Increased Frequency of De novo Copy Number Variations in Congenital Heart Disease by Integrative Analysis of SNP Array and Exome Sequence Data. J. T. Glessner1,2, A. G. Bick3, K. Ito3, J. Homsy3, L. Rodriguez-Murillo4,5, M. Fromer5,6,7, E. Mazaika3, B. Vardarajan8, M. Italia9, J. Leipzig9, S. R. DePalma3, R. Golhar1, S. J. Sanders10,11, B. Yamrom12, M. Ronemus12, I. Iossifov12, A. J. Willsey10,11, M. W. State10,11, J. R. Kaltman13, P. S. White9, Y. Shen8, D. Warburton14, M. Brueckner15, C. Seidman3, E. Goldmuntz16, B. D. Gelb4,5, R. Lifton10,17, J. Seidman3, W. K. Chung18, H. Hakonarson1,2 1) Ctr Applied Genomics, Children's Hosp Philadelphia, Philadelphia, PA; 2) Department of Pediatrics, University of Pennsylvania Perelman School of Medicine, Philadelphia, PA; 3) Department of Genetics, Harvard Medical School, Boston, MA; 4) Mindich Child Health and Development Institute, Department of Pediatrics, Icahn School of Medicine at Mount Sinai, New York, NY; 5) Department of Genetics and Genomic Sciences, Icahn School of Medicine at Mount Sinai, New York, NY; 6) Icahn Institute for Genomics and Multiscale Biology, Icahn School of Medicine at Mount Sinai, New York, NY; 7) Division of Psychiatric Genomics in the Department of Psychiatry, Icahn School of Medicine at Mount Sinai, New York, NY; 8) Department of Systems Biology, Columbia University Medical Center, New York, NY; 9) Center for Biomedical Informatics, Childrens Hospital of Philadelphia, Philadelphia, PA; 10) Department of Genetics, Yale University, New Haven, CT; 11) Department of Psychiatry, University of California, San Francisco, San Francisco, CA; 12) Cold Spring Harbor Laboratory, Cold Spring Harbor, NY; 13) Division of Cardiovascular Sciences, National Heart, Lung, and Blood Institute (NHLBI), National Institutes of Health (NIH), Bethesda, MD; 14) Department of Genetics and Development (in Medicine), Columbia University Medical Center, New York, NY; 15) Department of Pediatrics, Yale University, New Haven, CT; 16) Division of Cardiology, Childrens Hospital of Philadelphia; and Department of Pediatrics, University of Pennsylvania Perelman School of Medicine, Philadelphia, PA; 17) Department of Medicine, Yale University, New Haven, CT; 18) Departments of Pediatrics and Medicine, Columbia University Medical Center, New York, NY.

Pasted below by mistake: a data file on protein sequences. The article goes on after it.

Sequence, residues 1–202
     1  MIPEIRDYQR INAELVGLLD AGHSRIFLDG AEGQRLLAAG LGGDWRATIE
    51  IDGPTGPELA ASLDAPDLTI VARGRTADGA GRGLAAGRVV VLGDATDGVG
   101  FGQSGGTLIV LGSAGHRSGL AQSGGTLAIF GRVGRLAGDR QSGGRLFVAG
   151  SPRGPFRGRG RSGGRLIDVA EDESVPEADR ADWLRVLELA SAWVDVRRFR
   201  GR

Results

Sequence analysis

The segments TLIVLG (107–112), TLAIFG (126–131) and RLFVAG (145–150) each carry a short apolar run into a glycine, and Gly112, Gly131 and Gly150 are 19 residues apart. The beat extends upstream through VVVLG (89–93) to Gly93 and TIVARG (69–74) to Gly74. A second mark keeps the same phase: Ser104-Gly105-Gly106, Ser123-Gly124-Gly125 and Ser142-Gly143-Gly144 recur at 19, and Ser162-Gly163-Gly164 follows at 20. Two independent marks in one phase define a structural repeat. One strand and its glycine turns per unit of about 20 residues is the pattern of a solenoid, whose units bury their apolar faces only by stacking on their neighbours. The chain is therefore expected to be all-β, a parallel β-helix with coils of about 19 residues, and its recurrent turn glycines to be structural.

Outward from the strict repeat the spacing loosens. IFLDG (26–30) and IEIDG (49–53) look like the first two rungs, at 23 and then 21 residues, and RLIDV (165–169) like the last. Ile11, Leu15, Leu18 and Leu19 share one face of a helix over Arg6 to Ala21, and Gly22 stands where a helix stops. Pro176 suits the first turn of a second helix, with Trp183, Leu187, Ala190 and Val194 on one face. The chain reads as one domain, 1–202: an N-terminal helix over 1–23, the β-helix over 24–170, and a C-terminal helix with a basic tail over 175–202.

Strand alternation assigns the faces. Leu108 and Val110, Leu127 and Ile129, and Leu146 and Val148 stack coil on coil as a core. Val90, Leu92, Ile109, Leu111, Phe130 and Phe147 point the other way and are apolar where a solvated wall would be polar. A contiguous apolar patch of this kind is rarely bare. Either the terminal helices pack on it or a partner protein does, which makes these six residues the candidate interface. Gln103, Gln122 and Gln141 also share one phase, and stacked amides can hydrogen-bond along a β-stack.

Congenital heart disease (CHD) is among the most common birth defects. Most cases are of unknown etiology. To determine the contribution of de novo copy number variants (CNVs) in the etiology of sporadic congenital heart disease (CHD), we studied 538 CHD trios using genome-wide dense single nucleotide polymorphism (SNP) arrays and/or whole exome sequencing (WES). Results were experimentally validated using digital droplet PCR. SNP and WES methods identified overlapping and unique CNVs; WES data enabled consistent detection of 1-10 kb CNVs, an order of magnitude smaller than previous reports. We compared validated CNVs in CHD cases to CNVs in 1,301 healthy control trios. The two complementary high-resolution technologies identified 65 validated de novo CNVs in 53 CHD cases, with median size of 110 kb. CNVs were identified as small as 2 kb (arrays) and 0.1 kb (WES). Two-thirds of CNVs contained five or fewer genes. A significant increase in CNV burden was observed when comparing CHD trios with healthy trios, using either SNP array (p=7x10-5, Odds Ratio (OR)=4.6) or WES data (p=6x10-4, OR=3.5). A significant increase in CNV burden remained, even after removing from these analyses the 16% of de novo CNV loci that were previously reported as pathogenic (p=0.02, OR=2.7). Among CHD cases, we observed recurrent de novo CNVs on 15q11.2 encompassing CYFIP1, NIPA1, and NIPA2 and single de novo CNVs encompassing DUSP1, JUN, JUP, MED15, MED9, PTPRE SREBF1, TOP2A, and ZEB2, genes that interact with established CHD proteins such as NKX2-5 and GATA4. Integrating de novo variants in WES and CNV data suggests that ETS1 is the pathogenic gene altered by 11q24.2-q25 deletions in Jacobsen syndrome and that CTBP2 is the pathogenic gene in 10q sub-telomeric deletions. Collectively, these results demonstrate a significantly increased frequency of rare de novo CNVs in CHD patients compared with healthy controls and suggest several novel genetic loci for CHD.